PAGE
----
Caroline's Death by Chocolate Cake

Caroline's Death by Chocolate Cake


This chocolate cake is moist and very fudgy and best of all, really easy to make!


200g dark chocolate
200g dark brown sugar
200g caster sugar
25g cocoa powder
200g butter
85g self-raising flour
85g plain flour
¼ tsp bicarbonate of soda
3 large eggs
75ml milk


200g dark chocolate
284ml double cream


Grease and line a 20cm round cake tin and preheat the oven to 140C/ 160C/ Gas 3.
Place butter and chocolate in a heat proof bowl above a pan of simmering water and melt, stirring gently.
Mix flours, bicarbonate of soda, sugars and cocoa powder in a large bowl. Beat eggs and milk. Pour melted chocolate and butter and add egg mixture to the flour until thoroughly mixed. Spoon cake mix into cake tin and bake for 90 minutes (or until the top feels firm). Leave the cake to cool then turn out. When cold, slice the cake across into three layers.


Make the Ganache:
Lightly whip the cream until it just begins to stiffen. Melt the chocolate as before then combine with the cream mix, working quickly. Spread over cake layers and re-assemble, spreading remainder of ganache over the top and sides of the cake.
Decorate with chocolate curls or decoration of your choice.
Store the cake in a cool environment, in an airtight container, for up to three days.





Caribbean Rum Cake


For the fruit:

  • 1 3/4 cups whole raw almonds, coarsely chopped (optional)
  • 1 3/4 cups dried or glace cherries, coarsely chopped
  • 1 3/4 cups prunes, coarsely chopped
  • 1 1/4 cups currants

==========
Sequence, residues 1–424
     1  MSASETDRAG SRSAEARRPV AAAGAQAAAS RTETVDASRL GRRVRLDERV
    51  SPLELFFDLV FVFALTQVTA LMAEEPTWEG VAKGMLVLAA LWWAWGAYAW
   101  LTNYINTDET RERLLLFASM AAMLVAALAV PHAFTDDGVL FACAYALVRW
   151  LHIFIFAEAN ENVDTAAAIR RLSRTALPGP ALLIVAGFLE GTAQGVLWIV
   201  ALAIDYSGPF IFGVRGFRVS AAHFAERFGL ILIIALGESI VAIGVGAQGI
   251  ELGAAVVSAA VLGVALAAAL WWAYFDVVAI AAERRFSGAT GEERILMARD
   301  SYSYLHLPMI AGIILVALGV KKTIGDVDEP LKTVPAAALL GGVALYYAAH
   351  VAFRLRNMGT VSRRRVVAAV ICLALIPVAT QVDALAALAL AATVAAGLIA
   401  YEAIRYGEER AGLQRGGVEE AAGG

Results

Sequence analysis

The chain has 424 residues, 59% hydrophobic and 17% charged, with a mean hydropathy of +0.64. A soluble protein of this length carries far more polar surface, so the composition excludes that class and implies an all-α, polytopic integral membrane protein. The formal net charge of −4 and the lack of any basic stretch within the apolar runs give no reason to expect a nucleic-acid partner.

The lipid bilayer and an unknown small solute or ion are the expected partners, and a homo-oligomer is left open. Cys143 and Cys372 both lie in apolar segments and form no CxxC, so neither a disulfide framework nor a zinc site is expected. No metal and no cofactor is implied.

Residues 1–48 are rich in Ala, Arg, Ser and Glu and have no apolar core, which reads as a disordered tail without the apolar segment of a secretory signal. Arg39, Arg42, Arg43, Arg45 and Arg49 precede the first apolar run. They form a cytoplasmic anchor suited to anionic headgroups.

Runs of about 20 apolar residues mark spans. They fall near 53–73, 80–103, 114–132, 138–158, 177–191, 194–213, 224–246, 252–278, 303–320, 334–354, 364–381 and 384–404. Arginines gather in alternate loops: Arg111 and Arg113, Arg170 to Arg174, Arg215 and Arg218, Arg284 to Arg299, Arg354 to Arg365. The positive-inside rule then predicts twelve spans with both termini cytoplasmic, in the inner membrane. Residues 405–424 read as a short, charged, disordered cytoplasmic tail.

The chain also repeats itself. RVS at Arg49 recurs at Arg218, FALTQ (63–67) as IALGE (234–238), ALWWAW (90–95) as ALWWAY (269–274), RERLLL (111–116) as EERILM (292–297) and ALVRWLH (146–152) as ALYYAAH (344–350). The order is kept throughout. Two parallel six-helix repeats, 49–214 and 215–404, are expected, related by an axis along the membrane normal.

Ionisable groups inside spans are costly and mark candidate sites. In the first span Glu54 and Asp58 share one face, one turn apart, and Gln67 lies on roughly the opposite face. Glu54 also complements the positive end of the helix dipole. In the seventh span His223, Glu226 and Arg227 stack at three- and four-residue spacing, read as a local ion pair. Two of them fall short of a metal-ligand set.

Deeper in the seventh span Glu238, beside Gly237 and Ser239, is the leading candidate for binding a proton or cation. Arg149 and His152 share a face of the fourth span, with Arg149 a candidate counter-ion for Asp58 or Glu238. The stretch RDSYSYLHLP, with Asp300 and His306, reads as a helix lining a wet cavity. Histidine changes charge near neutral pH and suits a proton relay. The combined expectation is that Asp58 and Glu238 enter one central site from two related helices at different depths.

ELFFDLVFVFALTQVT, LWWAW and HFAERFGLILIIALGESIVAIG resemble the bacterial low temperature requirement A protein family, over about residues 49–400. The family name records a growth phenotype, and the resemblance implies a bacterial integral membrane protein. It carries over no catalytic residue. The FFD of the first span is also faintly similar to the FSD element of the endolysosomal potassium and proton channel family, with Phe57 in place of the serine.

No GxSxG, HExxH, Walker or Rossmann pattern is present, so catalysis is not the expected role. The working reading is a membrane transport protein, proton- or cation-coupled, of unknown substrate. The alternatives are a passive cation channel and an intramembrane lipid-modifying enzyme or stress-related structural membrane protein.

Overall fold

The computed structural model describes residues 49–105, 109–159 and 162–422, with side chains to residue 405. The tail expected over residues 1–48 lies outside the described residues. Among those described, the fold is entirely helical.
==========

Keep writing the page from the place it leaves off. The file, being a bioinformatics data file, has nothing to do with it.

• 1 1/2 cups large raisins, coarsely chopped
  • 1 1/2 cups dark rum
  • 1 1/2 cups port
  • 3/4 cup candied orange peel, coarsely chopped

For the cake:

  • 3 cups plain flour
  • 1 teaspoon salt
  • 1 tablespoon baking powder
  • 1/2 teaspoon ground cinnamon
  • 1/2 teaspoon ground cloves
  • 1/2 teaspoon ground nutmeg
  • 4 cups of unsalted butter, at room temperature
  • 2 1/4 cups light brown sugar
  • 6 large eggs
  • 2 teaspoons vanilla extract
  • 1/2 cup treacle



  1. Combine all the fruit in an airtight container and cover with rum and port. Stir occasionally in a cool, dry place for at least a week.


  1. Preheat the oven to 300°F. Grease and line 2 cake tins, 9-by-5-inch and set aside.
  2. Sift flour, salt, baking powder, cinnamon, clove, and nutmeg in a large bowl.
  3. Cream butter and sugar until light and fluffy, then add eggs one at a time, letting each mix in fully before adding the next. Add vanilla.
  4. Carefully add flour mixture, pre-soaked fruit and nuts along with any unabsorbed liquid, and treacle, then mix until just combined. Divide mixture evenly between the prepared tins.
  5. Bake for approx 2 hours until firm to touch and coming away from the sides of the tin.
  6. Cool for 30 minutes in the tins then turn the cakes out onto a rack, and brush each with dark rum.


This cake will keep for a long time and improves with age. Periodically add more rum by making small holes with a fork and pouring rum over the surface. Store wrapped in greaseproof paper in an airtight tin, in a cool place. I always have an airtight plastic box of dried fruits soaking in rum or brandy and use for this cake and many others – just top the fruit up when you take some out and pour more booze in. You can use tropical fruits – mango, pineapple, pawpaw etc. There are so many varieties of dried fruit in the supermarkets these days. Dried cranberries are delicious too. Bacardi rum or a white rum is good with tropical fruits. Don’t wait for a special occasion to make this cake – enjoy now!


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© Caroline James Author